TMcE

(This review appeared in The Herald, 2 March 2104)

Five of the Best (plus one more)

In Recent Articles on March 3, 2014 at 5:57 pm

Mimi was inspired by a lot of great feminist books – as was my heroine Mimi herself. One of the books she may have read was, nepotistically, my mother’s sparklingly witty Thinking About Women. But Mimi was probably more influenced by the biologically-oriented The Story of V, in which Catherine Blackledge explains that the penis is an organ geared towards satisfying the female, not the male. Mimi interprets this to mean that our porn-ridden, globally-warmed disaster area of a society has totally misconstrued human sexuality, by thinking of sex mainly in terms of what men want, which is such a bore. Mimi points out to her new love, Harrison Hanafan, as they drink coffee on the roof of his Manhattan penthouse, that in nature it’s female pleasure that really matters. Even female fruit flies insist on orgasms!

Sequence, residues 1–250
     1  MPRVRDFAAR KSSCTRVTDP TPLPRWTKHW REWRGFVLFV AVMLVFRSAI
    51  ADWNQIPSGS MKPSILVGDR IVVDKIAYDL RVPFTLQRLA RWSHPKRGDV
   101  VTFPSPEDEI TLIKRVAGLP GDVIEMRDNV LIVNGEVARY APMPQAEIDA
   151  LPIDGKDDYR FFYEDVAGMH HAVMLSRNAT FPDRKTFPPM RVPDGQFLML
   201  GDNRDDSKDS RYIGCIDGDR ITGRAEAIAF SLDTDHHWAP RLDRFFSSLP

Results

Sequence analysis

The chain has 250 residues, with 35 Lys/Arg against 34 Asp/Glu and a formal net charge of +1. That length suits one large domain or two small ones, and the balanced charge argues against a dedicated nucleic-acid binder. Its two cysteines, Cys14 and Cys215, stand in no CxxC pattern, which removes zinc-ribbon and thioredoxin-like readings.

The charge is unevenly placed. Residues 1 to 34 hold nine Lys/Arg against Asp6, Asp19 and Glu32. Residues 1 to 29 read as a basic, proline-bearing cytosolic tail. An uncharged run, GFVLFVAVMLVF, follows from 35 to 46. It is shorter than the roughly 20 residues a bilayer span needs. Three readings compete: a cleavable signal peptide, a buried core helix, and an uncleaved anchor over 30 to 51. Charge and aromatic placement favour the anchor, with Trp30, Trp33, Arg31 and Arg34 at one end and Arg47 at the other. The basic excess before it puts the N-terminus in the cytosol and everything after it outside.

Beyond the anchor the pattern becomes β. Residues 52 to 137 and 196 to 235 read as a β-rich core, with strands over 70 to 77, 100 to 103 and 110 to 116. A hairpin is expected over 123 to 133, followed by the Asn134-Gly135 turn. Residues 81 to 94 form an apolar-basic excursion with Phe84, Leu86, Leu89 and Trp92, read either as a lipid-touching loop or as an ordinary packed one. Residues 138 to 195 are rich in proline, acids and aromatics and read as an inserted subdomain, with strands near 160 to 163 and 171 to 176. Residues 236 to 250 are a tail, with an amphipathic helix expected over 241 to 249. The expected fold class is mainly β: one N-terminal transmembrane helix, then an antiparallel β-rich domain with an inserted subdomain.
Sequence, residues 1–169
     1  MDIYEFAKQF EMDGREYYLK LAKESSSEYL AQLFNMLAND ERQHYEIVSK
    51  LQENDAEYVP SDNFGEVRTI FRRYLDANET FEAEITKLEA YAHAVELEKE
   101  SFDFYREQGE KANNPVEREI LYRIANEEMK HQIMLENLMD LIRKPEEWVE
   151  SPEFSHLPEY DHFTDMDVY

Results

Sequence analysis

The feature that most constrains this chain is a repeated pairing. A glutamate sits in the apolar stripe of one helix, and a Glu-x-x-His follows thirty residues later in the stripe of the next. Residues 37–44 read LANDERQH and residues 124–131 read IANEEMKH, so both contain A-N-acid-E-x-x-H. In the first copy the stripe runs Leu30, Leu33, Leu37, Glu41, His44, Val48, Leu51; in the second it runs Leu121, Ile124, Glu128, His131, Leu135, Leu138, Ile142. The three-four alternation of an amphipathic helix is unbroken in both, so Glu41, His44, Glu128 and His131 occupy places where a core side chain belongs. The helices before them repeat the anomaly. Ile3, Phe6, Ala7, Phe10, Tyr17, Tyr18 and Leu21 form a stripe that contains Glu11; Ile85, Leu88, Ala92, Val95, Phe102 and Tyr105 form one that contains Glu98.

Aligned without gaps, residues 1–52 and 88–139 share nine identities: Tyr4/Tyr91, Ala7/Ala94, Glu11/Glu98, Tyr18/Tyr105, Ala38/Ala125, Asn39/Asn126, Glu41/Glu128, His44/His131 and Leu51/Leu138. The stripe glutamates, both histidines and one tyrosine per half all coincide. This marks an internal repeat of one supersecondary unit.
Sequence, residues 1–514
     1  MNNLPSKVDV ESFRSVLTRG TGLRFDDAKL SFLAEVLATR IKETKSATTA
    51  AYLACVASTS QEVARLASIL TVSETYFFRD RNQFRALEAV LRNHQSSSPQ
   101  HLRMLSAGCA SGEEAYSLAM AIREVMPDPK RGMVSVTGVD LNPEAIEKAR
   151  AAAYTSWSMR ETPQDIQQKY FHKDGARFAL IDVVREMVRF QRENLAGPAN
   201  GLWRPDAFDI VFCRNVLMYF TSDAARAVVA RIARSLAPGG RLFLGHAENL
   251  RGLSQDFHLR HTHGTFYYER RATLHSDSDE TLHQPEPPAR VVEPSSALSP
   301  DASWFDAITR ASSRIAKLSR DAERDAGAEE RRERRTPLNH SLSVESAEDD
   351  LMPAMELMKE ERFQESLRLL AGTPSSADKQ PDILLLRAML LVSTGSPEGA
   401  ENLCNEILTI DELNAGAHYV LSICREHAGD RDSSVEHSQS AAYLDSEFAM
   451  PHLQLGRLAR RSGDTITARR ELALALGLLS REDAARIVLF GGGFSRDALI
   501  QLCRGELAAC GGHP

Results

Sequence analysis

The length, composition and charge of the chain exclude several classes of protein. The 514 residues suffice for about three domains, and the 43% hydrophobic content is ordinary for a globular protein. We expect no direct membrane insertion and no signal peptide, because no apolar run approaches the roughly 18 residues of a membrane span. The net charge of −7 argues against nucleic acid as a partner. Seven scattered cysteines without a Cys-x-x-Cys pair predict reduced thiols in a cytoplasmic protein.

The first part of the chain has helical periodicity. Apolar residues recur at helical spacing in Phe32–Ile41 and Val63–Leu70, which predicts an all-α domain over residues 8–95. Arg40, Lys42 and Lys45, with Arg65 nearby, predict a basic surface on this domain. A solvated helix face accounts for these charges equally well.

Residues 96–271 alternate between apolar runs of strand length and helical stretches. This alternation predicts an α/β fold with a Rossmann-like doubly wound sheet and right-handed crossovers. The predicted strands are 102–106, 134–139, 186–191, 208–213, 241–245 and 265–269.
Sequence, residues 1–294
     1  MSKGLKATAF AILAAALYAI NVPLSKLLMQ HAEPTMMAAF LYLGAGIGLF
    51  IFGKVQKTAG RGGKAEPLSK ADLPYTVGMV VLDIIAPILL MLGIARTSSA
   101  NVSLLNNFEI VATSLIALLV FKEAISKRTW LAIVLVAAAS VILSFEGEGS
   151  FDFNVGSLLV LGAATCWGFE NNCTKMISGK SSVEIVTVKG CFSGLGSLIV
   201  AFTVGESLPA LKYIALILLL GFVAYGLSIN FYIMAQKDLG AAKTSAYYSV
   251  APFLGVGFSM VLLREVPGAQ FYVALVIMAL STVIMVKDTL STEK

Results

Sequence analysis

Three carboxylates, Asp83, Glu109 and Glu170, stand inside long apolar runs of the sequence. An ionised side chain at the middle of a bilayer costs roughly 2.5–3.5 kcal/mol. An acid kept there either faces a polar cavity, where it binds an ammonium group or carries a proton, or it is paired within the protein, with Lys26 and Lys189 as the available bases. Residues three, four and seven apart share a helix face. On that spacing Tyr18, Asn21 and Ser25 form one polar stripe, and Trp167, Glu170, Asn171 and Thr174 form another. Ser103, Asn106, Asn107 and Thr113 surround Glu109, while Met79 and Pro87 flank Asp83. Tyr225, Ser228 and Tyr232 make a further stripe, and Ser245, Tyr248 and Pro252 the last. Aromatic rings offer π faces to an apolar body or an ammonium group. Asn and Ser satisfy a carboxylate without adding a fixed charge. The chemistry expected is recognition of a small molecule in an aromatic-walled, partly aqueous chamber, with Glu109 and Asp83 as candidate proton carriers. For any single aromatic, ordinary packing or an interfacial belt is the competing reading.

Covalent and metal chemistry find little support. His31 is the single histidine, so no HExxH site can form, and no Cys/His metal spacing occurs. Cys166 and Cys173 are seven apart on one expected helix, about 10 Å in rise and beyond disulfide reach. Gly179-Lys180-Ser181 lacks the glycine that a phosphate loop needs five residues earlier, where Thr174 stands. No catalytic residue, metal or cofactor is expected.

Elizabeth Gould Davis’s The First Sex, Penelope Shuttle and Peter Redgrove’s The Wise Wound, Valerie Solanas’s superb (but also meandering and wacko) S.C.U.M. Manifesto, and the embarrassingly named The Great Cosmic Mother, by Monica Sjöö and Barbara Mor, all contributed to Mimi’s understanding of matriarchal prehistory, as did Marija Gimbutas’s absorbing The Language of the Goddess. An archaeologist, Gimbutas examines the female-oriented arts and symbolism that flourished in European ‘goddess’ or mother-worshipping cultures for over a hundred thousand years. Patriarchal tribes upset this tranquility in favour of the type of society which now dominates, fixated on power, property, violence, misogyny, and catastrophic attitudes toward nature. Things went downhill fast after metallurgy was used to make weapons, and horses were tamed. (Poor horses – it wasn’t their fault.)

Without such books to read, Mimi would have had nothing to harangue Harrison about. He’s charmed.

Mimi is now out in paperback (Bloomsbury, £7.99). Join the Odalisque Revolution today!

LE

(A version of this article appeared in the Sunday Telegraph, March 2, 2014)